“Were your councils to decide to go ahead with the exercise that you are now proposing, I would reiterate that in order to fulfil my published timetable the decision-taking process could be well advanced before you have any results from that exercise.”
“I reject any suggestion that the consultation that I am carrying out is not fit for purpose or in some way flawed.“
“The format of your letter itself, headed ‘Stronger Somerset’ (unbelievably stupid when the call for a referendum is supposed to be neutral) the name of one of the proposals, raises questions as to the risk of bias in this exercise, which it may prove difficult to overcome. Without such credibility there are questions as to the weight that can be appropriately given to the results of any exercise such as you are proposing.”
“Rather than facilitating my decision making, I believe that were you to undertake the proposed exercise it risks duplicating and detracting from the consultation to which thousands of people in Somerset have already responded, and would be confusing for local people, businesses and others in Somerset.“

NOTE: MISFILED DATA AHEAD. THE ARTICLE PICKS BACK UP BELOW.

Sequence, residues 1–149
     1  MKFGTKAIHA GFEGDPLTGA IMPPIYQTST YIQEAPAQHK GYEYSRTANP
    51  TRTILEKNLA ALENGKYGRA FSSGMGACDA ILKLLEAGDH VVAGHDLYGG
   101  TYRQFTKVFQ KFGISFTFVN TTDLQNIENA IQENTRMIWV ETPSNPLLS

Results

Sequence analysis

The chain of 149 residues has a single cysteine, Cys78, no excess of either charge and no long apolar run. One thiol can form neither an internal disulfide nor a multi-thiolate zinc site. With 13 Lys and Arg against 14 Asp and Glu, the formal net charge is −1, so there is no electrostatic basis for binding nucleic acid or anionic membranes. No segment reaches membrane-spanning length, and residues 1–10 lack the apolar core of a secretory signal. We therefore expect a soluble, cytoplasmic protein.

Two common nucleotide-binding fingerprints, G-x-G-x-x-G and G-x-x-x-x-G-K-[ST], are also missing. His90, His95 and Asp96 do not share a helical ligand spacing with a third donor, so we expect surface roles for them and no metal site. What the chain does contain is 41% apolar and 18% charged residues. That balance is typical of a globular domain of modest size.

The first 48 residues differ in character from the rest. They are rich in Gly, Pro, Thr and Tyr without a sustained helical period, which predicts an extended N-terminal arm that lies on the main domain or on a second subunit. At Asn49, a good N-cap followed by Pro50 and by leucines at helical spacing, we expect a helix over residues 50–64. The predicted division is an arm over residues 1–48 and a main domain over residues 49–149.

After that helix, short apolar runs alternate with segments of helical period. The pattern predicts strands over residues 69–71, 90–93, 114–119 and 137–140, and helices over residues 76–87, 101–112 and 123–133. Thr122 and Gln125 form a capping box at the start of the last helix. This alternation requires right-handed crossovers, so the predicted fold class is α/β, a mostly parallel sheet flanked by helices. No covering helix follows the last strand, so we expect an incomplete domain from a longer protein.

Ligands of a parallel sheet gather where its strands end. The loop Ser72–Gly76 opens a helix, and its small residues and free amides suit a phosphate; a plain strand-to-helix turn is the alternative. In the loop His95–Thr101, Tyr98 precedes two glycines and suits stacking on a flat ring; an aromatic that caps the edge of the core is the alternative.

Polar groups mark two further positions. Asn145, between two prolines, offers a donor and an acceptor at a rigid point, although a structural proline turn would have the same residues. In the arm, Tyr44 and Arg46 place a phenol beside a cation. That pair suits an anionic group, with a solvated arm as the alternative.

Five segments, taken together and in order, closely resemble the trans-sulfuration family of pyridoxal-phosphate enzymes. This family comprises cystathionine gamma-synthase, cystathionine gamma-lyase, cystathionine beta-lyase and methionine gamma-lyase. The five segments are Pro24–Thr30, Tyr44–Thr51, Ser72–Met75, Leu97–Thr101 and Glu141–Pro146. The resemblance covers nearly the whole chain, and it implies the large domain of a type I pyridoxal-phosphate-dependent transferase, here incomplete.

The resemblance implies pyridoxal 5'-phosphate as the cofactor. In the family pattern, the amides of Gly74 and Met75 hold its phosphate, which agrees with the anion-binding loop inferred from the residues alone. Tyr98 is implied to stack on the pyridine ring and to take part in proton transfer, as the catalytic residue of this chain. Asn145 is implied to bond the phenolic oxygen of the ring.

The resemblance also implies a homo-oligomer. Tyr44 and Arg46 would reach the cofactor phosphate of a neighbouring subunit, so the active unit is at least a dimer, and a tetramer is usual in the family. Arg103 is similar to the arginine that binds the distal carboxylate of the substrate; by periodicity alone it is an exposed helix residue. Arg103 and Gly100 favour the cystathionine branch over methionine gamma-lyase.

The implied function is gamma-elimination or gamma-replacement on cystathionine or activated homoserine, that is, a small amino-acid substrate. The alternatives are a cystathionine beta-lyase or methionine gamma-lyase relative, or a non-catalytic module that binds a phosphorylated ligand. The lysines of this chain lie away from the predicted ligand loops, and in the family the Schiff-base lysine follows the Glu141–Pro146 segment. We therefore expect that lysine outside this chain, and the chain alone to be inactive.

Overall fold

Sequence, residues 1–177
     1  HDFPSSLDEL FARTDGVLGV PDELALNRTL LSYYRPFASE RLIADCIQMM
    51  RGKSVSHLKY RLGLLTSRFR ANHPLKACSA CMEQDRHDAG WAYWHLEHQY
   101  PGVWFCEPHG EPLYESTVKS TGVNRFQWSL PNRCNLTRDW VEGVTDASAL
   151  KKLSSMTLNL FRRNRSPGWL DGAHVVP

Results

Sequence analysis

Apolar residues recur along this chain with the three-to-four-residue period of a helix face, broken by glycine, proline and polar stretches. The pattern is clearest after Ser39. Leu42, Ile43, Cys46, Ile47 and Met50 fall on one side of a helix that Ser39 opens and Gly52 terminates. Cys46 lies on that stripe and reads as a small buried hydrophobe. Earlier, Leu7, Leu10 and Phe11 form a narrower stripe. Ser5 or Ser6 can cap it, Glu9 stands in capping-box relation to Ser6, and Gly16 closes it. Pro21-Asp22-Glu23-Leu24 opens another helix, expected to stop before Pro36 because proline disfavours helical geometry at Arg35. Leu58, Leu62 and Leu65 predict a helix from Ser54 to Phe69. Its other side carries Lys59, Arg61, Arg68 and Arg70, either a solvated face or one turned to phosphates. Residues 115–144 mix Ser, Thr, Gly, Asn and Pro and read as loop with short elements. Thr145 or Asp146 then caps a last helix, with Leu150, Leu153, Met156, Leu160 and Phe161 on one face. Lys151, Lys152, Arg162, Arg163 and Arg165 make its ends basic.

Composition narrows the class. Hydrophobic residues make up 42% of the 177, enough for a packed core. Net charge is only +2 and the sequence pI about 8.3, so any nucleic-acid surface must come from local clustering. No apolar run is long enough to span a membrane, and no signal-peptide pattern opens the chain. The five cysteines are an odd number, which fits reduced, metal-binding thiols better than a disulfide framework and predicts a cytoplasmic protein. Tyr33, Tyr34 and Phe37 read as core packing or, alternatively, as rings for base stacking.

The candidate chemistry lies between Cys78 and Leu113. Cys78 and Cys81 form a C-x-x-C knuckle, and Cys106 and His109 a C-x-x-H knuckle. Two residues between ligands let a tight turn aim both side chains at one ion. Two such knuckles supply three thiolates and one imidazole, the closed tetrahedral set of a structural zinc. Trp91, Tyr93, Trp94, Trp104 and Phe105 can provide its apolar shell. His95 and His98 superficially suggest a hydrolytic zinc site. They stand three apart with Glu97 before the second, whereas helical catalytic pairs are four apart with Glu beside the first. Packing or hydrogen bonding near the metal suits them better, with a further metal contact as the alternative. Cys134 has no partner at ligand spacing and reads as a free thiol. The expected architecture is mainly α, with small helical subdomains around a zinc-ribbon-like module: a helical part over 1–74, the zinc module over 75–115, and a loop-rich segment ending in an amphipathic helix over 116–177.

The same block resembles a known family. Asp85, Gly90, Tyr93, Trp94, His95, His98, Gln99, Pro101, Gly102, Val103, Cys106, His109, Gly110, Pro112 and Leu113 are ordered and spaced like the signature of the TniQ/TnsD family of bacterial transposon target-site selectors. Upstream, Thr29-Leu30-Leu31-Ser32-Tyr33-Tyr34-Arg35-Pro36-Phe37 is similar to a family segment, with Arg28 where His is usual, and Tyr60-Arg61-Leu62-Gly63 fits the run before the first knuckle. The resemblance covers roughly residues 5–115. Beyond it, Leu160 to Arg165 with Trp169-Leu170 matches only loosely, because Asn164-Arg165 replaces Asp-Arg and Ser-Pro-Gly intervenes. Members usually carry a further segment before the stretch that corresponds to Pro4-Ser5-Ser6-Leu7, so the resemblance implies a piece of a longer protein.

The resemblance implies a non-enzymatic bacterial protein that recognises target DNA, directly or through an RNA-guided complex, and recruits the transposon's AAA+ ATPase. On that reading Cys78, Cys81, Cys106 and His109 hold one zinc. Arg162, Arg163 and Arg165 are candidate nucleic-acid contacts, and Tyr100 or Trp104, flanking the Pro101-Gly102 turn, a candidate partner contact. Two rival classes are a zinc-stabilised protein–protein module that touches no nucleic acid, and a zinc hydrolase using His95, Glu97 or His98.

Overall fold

Finally the Secretary of State invites the leaders to reconsider their plans to vote on a s116 poll this week. He notes several substantial legal issues that they would be well advised to take legal advise on. Of course, that is his view and it is important to note it is only his view. Although he is the decision maker, the district councils clearly hold a different view.
But the point we keep coming back to, is a simple one. There could have been a referendum. There should have been. The fact is that SSDC considered a referendum at their 10 September 2020 full council meeting. Their overwhelming conclusion was it was not practical or necessary to hold one.
But they didn’t. And because they didn’t, we question the reason why they propose to do it now when it is obviously too late. It may well of course embarrass the Secretary of State. Which would probably be fun. And if they were paying for it with their own money, not taxpayers money, that might be fair enough. But they are not.